Darllenodd y myfyriwr lyfr am hanes Cymru.         Llyfr 
              The student (subject) read a book on Welsh history. 
               Darllenais i lyfr am hanes Cymru.
               I (subject) read a book on Welsh history.  
Note that personal pronouns such as 'i' may be omittted in written text, but the soft mutation is still applied as if it was present:
                Darllenais lyfr am hanes Cymru.        

In cwmpasog forms, the word 'yn' is added but there is no soft mutation of the verb noun which follows:
               Mae'r myfyriwr yn darllen llyfr am hanes Cymru. 
               The student (subject) is reading a book on Welsh history.  

               Roedd y myfyriwr yn darllen llyfr am hanes Cymru.
               The student (subject) was reading a book on Welsh history. 
               Byddaf [i] yn darllen llyfr am hanes Cymru. 
               I (subject) will read a book on Welsh history.  


'mewn' is usually translated as 'in' or 'into':

        Aeth i mewn i'r gegin.
        He went into the kitchen.
        Fe gyrhaeddon ni'r dref mewn llai na hanner awr.
        We reached the town in less than half an hour.

'mewn' appears in a number of commonly used phrases:

mewn angen - in need
     Roedd yna lawer o bobl mewn angen ar l y daeargryn.
     There were many people in need after the earthquake.

mewn cawl - in a mess
      Roedd y cwmni mewn cawl ar l i'r cyfrifiadur fethu.
      The company was a mess after the computer  failed.         

mewn chwinciad - immediately
      Pan welodd hi'r bachgen, redodd ato mewn chwinciad.
      When she saw the boy, she ran to him in an instant.

mewn cysylltiad   - in connection with
      Ffoniodd y siop mewn cysylltiad 'r nwyddau a archebwyd.
      The shop phoned in connection with the goods ordered.

mewn gwirionedd - as a matter of fact, actually
      Mewn gwirionedd, nid yw'r atgyweiriad wedi datrys y broblem.
       Actually, the repair has not solved the problem.
mewn golwg - under consideration, in mind
       Mae gennyn ni safle ar gyfer y ffatri newydd mewn golwg.
       We have a site for the new factory in mind.

mewn pryd - in time
        Fe gyrhaeddon ni'r sgwr mewn pryd i ddal y bws.
        We arrived in the square in time to catch the bus.

Translate the sentence:

Many people think that the Llangollen Canal is the most beautiful canal in Wales.

Suggested translation: (a number of alternatives acceptable)


The set of icons below was randomly selected, and has been used to write a story.

You are invited to translate the story into Welsh.


bat    ystlum  noun (m);   remote  anghysbell  adjective;
quiet  distaw  adjective;  occasional  achlysurol  adjective;
remind  atgoffa  verb;  scattered with  gwasgaru ;
silence  distawrwydd  noun (m);  frightening  brawychus  adjective;
lonely  unig  adjective;

Sam had always lived in the city.
He would sometimes drive into the countryside to go for a walk.
However, he had never stayed outside the city.
He thought it would be exciting to go for a few days to a holiday cottage in a remote part of Wales.
He packed a box of food for several days and set off.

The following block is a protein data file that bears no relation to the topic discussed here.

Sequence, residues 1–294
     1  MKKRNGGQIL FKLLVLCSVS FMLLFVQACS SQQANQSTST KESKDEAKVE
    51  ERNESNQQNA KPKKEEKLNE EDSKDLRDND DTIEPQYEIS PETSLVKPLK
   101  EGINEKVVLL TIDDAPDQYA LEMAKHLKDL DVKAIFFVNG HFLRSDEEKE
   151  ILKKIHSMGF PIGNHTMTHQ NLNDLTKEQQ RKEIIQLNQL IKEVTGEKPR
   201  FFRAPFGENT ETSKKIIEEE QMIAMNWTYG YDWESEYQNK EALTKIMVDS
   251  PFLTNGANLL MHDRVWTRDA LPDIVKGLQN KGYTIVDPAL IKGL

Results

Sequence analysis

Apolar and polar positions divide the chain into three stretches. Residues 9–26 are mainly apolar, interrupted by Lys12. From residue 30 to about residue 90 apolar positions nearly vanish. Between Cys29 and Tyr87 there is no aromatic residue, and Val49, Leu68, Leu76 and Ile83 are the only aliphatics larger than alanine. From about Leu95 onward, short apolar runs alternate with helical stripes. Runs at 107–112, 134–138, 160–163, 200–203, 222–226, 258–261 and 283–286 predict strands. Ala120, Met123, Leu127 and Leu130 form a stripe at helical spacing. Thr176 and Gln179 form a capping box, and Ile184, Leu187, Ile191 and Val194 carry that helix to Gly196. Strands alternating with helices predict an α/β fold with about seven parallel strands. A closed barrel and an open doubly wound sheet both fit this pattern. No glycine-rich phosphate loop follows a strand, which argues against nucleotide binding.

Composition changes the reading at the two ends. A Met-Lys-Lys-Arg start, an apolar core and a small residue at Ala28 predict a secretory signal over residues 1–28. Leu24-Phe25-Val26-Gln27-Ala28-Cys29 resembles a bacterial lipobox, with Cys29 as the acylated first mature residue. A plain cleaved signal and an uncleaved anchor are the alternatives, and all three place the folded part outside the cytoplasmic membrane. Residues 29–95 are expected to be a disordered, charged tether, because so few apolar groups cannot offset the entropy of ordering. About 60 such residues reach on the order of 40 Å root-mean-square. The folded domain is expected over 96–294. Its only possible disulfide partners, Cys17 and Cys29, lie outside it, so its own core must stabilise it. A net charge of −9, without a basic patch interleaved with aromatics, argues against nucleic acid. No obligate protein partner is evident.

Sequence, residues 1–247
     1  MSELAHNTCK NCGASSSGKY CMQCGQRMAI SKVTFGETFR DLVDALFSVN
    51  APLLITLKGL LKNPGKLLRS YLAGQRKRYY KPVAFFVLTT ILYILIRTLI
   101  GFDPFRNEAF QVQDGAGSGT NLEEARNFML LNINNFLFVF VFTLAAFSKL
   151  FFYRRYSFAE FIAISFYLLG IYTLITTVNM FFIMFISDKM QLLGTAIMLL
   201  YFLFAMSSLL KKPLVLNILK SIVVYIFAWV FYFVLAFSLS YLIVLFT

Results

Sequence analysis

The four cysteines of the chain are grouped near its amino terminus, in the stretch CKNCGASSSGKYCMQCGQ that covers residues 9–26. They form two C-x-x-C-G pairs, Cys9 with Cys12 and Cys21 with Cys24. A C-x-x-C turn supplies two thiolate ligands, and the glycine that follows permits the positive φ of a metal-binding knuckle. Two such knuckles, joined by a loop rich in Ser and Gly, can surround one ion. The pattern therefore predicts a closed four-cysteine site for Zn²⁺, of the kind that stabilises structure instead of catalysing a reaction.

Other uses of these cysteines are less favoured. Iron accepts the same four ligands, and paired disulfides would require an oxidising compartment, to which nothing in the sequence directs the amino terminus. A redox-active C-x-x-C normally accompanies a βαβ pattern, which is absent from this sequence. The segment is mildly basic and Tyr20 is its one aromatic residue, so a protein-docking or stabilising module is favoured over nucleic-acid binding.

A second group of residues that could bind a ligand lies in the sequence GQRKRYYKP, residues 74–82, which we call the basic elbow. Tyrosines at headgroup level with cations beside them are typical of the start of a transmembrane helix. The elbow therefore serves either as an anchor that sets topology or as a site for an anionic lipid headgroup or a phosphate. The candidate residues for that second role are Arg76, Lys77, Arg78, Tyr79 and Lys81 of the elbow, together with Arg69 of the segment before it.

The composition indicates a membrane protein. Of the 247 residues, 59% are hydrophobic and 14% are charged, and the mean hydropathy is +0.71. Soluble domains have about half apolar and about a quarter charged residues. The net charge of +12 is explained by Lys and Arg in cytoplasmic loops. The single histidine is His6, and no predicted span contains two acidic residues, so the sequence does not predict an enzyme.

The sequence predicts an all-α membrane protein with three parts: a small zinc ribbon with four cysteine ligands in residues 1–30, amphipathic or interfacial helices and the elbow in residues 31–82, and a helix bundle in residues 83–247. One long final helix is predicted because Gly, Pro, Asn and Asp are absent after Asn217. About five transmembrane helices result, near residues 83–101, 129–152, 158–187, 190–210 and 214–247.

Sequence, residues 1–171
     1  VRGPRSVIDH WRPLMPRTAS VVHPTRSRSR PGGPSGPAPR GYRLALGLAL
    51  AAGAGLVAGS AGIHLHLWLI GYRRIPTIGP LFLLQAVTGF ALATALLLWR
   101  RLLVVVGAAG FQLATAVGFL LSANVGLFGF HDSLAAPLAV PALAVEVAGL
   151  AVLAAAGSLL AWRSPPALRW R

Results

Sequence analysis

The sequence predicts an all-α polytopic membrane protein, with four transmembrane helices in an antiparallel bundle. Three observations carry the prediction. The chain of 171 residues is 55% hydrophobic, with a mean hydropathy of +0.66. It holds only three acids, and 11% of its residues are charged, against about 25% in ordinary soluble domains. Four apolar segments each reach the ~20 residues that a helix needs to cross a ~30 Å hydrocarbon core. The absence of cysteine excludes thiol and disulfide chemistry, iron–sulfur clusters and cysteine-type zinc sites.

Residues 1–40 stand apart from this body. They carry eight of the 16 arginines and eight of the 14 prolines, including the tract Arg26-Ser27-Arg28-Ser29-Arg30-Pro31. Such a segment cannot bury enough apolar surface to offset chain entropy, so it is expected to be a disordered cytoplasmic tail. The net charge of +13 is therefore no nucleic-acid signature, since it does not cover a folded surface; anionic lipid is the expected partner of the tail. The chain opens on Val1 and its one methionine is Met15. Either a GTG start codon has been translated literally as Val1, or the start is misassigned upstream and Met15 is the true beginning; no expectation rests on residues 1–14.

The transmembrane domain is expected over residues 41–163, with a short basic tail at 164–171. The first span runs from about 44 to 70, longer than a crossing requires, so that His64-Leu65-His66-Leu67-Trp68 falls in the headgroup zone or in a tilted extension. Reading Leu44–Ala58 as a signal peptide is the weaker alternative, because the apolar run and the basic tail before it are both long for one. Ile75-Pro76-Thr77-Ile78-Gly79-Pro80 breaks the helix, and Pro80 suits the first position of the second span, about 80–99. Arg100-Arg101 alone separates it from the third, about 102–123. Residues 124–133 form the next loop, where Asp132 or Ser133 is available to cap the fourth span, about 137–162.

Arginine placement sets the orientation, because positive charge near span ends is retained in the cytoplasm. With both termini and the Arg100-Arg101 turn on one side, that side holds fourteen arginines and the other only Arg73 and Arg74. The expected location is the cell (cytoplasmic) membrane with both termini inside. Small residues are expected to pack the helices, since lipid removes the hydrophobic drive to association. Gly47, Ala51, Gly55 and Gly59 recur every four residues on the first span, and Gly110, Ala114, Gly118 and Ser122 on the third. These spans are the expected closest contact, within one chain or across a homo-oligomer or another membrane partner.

He followed the road as far as it went.
He then had to continue for several miles along a rough track to reach the cottage.
After cooking a meal he went to bed, but he could not sleep.
It was too quiet.
There was no sound of cars and trains, which continue through the night in the city.
The occasional police siren in the middle of the night reminded him that people in the city were being protected.
From his cottage window, he looked out at the black sky scattered with stars.
A strange creature, a bat, flew by quietly.
The silence was frightening.
He did not enjoy being in such a lonely place.
There was no pub nor cinema, nor even a shop.
With some sadness he cut short his trip and returned to the city and its familiar noises.

Translate the sentence:

Sam had always lived in the city.

Suggested translation: (a number of alternatives acceptable)

Create your own story in Welsh

Click the button to randomly select a set of story icons:

Use of Welsh

Letter to the editor

There are concerns in some parts of Wales that all the affordable housing is being sold as second homes for holidaymakers.

You are invited to translate a letter into Welsh which has been written by a local resident with strong views on the subject.


stability   sefydlogrwydd  noun (m);   afraid  ofnus  adjective; 
comfort  cysur  noun (m);  richest  cyfoethocaf   adjective;

Translate the sentence:

Second homes create problems.

Suggested translation: (a number of alternatives acceptable)


Write four or five sentences in Welsh to describe the picture:

Understanding Welsh

Read the article, then write sentences in Welsh to answer the following questions:

What forms of propulsion did the Royal Charter have?

What was the occupation of many of the passengers?

Why could the ship not reach Liverpool?

How did the shipwreck occur?

How were some people saved from the shipwreck?

What has been recovered from the wreck?

What memorials are there to the shipwreck?

Llongddrylliad y Royal Charter

Roedd y Royal Charter yn llong hwylio gyda peiriant ager a ddrylliwyd ar arfordir dwyreiniol Ynys Mn ger pentref Moelfre ar 26 Hydref 1859. Dyma`r llongddrylliad a laddodd fwyaf o bobl o bob un ar arfordir Cymru. Collwyd tua 200 o longau llai yn yr un storm.

Roedd y Royal Charter yn dychwelyd i Lerpwl o Melbourne. Roedd arni tua 371 o deithwyr gyda chriw o tua 112 a rhai pobl eraill oedd yn gweithio ir cwmni. Roedd llawer or teithwyr yn dychwelyd or cloddfeydd aur yn Awstralia, a llawer ohonynt yn dod ag aur yn l gyda hwy. Roedd llawer o aur hefyd yn cael ei gario fel cargo. Wrth ir llong gyrraedd arfordir gogledd-orllewin Mn roedd y gwynt yn dechrau codi.

Ceisiodd y Royal Charter godir peilot ar gyfer Lerpwl pan oedd gyferbyn Phwynt Lynas, ond roedd y mr yn rhy arw iddi gyfarfod y peilot. Yn ystod noson 25 Hydref cododd y gwynt i raddfa 12. Roedd y gwynt yn gyrrur llong tuag at arfordir dwyreiniol Mn. Am 11 or gloch y noson honno gollyngwyd yr angor, ond am hanner awr wedi un yn y bore torrodd y cebl oedd yn ei ddal. Gyrrwyd y Royal Charter tuar lan, gydar peiriant ager yn methu gwneud dim yn erbyn y storm. Yn gynnar ar forer 26 Hydref, wrth ir llanw godi, gyrrwyd hi yn erbyn y creigiau rhwng Moelfre a Thraeth Llugwy.

Gallodd un aelod or criw, Joseph Rogers, nofio ir lan gyda rhaff, a defnyddiwyd hon i achub ychydig o bobl, a gallodd ychydig rhagor nofio ir lan. Bu farw dros 450 o bobl, rhai wedi boddi ond y rhan fwyaf wedi eu lladd trwy gael eu hyrddio yn erbyn y creigiau gan y tonnau enfawr. Achubwyd 21 o deithwyr ac 18 or criw.

Dywedir fod llawer o aur wedi ei olchi ir lan yn y dyddiau nesaf, ac i rai teuluoedd ym Moelfre ddod yn gefnog dros nos. Cafwyd hyd i ynnau, sbectol, ac aur gan blymwyr tanfor dros y blynyddoedd. Defnyddir darganfyddwyr metel tanddwr yn ddiweddar.

Claddwyd y rhan fwyaf or cyrff ym mynwent Llanallgo gerllaw, lle gellir gweld beddau a chofeb iddynt. Mae hefyd gofeb ger y traeth uwchben y creigiau lle drylliwyd y llong, ger Llwybr Arfordirol Ynys Mn.

Enter each section of your story in Welsh in the boxes below: